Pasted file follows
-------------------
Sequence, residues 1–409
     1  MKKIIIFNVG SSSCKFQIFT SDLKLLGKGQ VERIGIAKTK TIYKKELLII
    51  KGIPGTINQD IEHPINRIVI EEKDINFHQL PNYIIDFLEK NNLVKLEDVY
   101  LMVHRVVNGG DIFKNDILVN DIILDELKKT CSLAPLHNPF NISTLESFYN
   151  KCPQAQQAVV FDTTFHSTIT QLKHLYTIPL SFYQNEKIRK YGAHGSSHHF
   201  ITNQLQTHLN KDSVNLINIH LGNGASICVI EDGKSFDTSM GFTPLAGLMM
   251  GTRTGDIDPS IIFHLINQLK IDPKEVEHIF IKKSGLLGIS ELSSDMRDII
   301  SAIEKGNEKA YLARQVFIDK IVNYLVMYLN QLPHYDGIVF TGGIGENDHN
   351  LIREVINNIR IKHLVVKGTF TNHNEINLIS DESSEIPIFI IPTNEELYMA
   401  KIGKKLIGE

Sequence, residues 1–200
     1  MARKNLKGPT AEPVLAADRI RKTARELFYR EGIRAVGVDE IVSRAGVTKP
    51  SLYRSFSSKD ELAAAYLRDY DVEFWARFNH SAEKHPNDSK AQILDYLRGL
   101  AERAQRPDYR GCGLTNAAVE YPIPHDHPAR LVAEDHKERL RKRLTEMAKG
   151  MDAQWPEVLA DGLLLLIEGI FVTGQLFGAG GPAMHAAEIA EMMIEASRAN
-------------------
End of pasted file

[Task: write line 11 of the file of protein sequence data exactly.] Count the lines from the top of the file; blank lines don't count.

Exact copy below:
Sequence, residues 1–200